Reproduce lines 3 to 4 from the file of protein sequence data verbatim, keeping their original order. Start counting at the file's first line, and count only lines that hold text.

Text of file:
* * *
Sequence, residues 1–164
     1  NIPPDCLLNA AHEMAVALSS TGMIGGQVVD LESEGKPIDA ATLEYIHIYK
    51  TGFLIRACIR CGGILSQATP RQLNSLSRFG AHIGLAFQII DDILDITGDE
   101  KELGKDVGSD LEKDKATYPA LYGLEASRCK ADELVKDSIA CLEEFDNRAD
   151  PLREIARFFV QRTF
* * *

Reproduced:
    51  TGFLIRACIR CGGILSQATP RQLNSLSRFG AHIGLAFQII DDILDITGDE
   101  KELGKDVGSD LEKDKATYPA LYGLEASRCK ADELVKDSIA CLEEFDNRAD